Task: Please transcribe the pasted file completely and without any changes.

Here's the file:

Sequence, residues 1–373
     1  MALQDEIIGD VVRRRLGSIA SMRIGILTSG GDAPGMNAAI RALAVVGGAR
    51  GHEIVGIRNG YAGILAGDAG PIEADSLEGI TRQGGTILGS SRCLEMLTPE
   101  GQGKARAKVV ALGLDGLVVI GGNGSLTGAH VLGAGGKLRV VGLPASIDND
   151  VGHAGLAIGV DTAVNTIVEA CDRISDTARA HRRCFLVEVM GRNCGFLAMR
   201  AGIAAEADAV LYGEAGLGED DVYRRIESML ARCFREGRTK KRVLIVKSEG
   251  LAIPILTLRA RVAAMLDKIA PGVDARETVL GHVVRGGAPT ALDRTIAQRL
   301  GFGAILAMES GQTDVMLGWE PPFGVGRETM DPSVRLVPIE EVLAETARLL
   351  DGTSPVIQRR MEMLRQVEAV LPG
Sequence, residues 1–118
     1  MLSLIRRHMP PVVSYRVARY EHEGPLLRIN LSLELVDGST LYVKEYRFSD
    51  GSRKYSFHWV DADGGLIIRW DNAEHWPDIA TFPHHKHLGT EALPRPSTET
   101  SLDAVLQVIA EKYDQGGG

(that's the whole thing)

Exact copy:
Sequence, residues 1–373
     1  MALQDEIIGD VVRRRLGSIA SMRIGILTSG GDAPGMNAAI RALAVVGGAR
    51  GHEIVGIRNG YAGILAGDAG PIEADSLEGI TRQGGTILGS SRCLEMLTPE
   101  GQGKARAKVV ALGLDGLVVI GGNGSLTGAH VLGAGGKLRV VGLPASIDND
   151  VGHAGLAIGV DTAVNTIVEA CDRISDTARA HRRCFLVEVM GRNCGFLAMR
   201  AGIAAEADAV LYGEAGLGED DVYRRIESML ARCFREGRTK KRVLIVKSEG
   251  LAIPILTLRA RVAAMLDKIA PGVDARETVL GHVVRGGAPT ALDRTIAQRL
   301  GFGAILAMES GQTDVMLGWE PPFGVGRETM DPSVRLVPIE EVLAETARLL
   351  DGTSPVIQRR MEMLRQVEAV LPG
Sequence, residues 1–118
     1  MLSLIRRHMP PVVSYRVARY EHEGPLLRIN LSLELVDGST LYVKEYRFSD
    51  GSRKYSFHWV DADGGLIIRW DNAEHWPDIA TFPHHKHLGT EALPRPSTET
   101  SLDAVLQVIA EKYDQGGG